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Frank Frost Abbott, Commentary on Selected Letters of Cicero, Letter XLV: ad Atticum 8.3 (search)
ing some shame upon himself, etc. See Crit. Append. fore: in apposition to and explanatory of periculum. Ne with the subj. would be a more natural construction, but cf. cum subest ille timor, ea (utilitate) neglecta ne dignitatem quidem posse retineri, de Or. 2.334. The statement of one side of the question, which began with 2, comes to an end with this sentence. istum: i.e. Caesarem. ille: i.e. Pompeius. legibus ferendis: i.e. the laws whose passage Caesar effected in his consulship in 59 B.C. For Pompey's attitude toward these laws, cf. Att. 2.16.2. When Caesar's agrarian law, assigning lands to Pompey's veterans, came before the people, Bibulus and Cato, the leaders of the opposition, were treated with great roughness; cf. Plut. Cat. Min. 32; Suet. Iul. 20. contra auspicia: to the many attempts which the Optimates made to postpone the comitia on religious grounds (cf. Dio Cass. 38.6) Caesar paid little heed. Galliae adiunctor: Caesar's third province (cf. Intr. 13) was volunt
Acerro'nia a friend of Agrippina, the mother of Nero, was drowned in B. C. 59, when an unsuccessful attempt was made at the same time to drown Agrippina. (Tac. Ann. 14.4; D. C. 61.13.)
9, Pomp. 34, 36, 39; D. C. 37.5.) On Pompey's return to Rome, he was anxious to obtain the consulship for Afranius, that he might the more easily carry his own plans into effect; and, notwithstanding the opposition of a powerful party, lie obtained the election of Afranius by influence and bribery. During his consulship, however, (B. C. 60), Afranius did not do much for Pompey (D. C. 37.49), but probably more from want of experience in political affairs than from any want of inclination. In B. C. 59 Afranius had the province of Cisalpine Gaul (comp. Cic. Att. 1.19), and it may have been owing to some advantages he had gained over the Gauls, that he obtained the triumph, of which Cicero speaks in his oration against Piso. (c. 24.) When Pompey obtained the provinces of the two Spains in his second consulship (B. C. 55), he sent Afranius and Petreius to govern Spain in his name, while he himself remained in Rome. (Vell. 2.48.) On the breaking out of the civil war, B. C. 49, Afranius was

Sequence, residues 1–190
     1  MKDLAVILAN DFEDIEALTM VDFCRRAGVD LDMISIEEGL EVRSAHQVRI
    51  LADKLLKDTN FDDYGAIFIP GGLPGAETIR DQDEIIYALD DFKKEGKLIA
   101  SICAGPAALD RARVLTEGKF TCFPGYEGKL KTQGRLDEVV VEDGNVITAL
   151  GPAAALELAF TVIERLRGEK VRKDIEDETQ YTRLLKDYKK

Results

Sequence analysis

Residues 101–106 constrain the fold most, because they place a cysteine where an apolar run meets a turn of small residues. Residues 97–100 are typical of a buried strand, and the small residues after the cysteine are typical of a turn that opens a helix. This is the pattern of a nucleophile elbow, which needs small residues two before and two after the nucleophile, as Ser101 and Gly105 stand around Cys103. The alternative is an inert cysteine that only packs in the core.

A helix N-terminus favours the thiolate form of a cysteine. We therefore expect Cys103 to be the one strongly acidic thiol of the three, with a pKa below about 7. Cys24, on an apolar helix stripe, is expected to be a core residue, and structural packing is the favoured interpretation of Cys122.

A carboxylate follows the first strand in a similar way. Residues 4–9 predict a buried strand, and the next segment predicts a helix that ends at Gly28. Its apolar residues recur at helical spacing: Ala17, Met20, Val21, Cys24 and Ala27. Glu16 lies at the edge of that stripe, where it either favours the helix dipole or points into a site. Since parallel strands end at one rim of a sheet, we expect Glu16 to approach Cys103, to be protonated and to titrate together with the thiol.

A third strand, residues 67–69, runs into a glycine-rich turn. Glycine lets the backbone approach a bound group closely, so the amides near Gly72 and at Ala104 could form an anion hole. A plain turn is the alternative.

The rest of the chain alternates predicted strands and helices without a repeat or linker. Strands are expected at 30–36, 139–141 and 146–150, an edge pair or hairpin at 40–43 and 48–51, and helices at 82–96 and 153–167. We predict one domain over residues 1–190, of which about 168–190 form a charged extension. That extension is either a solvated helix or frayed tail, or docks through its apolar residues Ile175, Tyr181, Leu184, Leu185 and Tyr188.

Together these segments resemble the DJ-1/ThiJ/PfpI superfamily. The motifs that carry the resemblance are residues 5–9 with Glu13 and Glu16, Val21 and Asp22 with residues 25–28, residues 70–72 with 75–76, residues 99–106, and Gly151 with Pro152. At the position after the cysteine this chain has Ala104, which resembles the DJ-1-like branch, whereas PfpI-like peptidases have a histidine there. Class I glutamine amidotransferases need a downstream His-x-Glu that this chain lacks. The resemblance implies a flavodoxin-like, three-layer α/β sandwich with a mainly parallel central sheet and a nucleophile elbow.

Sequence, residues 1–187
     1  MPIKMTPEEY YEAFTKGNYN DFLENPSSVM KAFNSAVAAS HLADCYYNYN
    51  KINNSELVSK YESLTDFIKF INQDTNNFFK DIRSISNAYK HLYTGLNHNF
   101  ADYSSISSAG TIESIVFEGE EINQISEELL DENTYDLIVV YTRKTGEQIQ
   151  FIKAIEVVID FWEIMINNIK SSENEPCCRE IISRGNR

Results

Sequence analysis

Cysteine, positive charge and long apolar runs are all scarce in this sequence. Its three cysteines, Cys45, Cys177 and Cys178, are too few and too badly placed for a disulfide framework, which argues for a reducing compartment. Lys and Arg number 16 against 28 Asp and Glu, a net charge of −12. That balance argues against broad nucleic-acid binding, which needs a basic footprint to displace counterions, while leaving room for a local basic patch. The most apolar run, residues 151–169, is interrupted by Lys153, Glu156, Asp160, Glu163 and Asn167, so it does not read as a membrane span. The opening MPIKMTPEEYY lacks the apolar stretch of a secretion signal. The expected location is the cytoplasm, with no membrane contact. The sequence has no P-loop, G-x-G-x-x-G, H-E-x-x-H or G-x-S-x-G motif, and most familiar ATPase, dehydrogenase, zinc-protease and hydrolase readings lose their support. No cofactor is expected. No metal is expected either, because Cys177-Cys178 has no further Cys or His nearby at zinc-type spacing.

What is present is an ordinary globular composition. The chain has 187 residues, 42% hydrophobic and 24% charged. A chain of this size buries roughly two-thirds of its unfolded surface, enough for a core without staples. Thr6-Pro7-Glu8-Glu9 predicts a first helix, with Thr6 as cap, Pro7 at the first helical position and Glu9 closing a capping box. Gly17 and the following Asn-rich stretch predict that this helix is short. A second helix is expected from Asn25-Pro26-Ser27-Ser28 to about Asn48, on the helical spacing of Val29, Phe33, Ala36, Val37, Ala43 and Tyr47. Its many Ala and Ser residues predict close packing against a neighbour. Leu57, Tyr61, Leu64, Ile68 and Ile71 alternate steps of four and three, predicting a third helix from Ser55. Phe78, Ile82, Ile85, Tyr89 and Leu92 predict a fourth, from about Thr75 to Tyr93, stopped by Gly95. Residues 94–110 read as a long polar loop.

Q. Ancha'rius 2. Tribune of the plebs in the consulship of Caesar and Bibulus, B. C. 59. He took an active part in opposing the agrarian law of Caesar, and in consequence of his services to the aristocratical party obtained the praetorship in B. C. 56. He succeeded L. Piso in the province of Macedonia in the following year. (Cic. pro Sest. 53, in Pison. 36; Schol. Bob. pro Sest. p. 304, in Vatin. p. 317, ed. Orelli.) One of Cicero's letters is written to him (ad Fam. 13.40).
A'rrius 2. Q. Arrius, a son of the preceding, was an unsuccessful candidate for the consulship, B. C. 59. (Cic. Att. 2.5, 7.) He was an intimate friend of Cicero (in Vatin. 12, pro Mil. 17); but Cicero during his exile complains bitterly of the conduct of Arrius. (Ad Qu. fr. 1.3.)
A'rrius 3. C. Arrius, a neighbour of Cicero at Formiae, who honoured Cicero with more of his company than was convenient to him, B. C. 59. (Cic. Att. 2.14, 15.)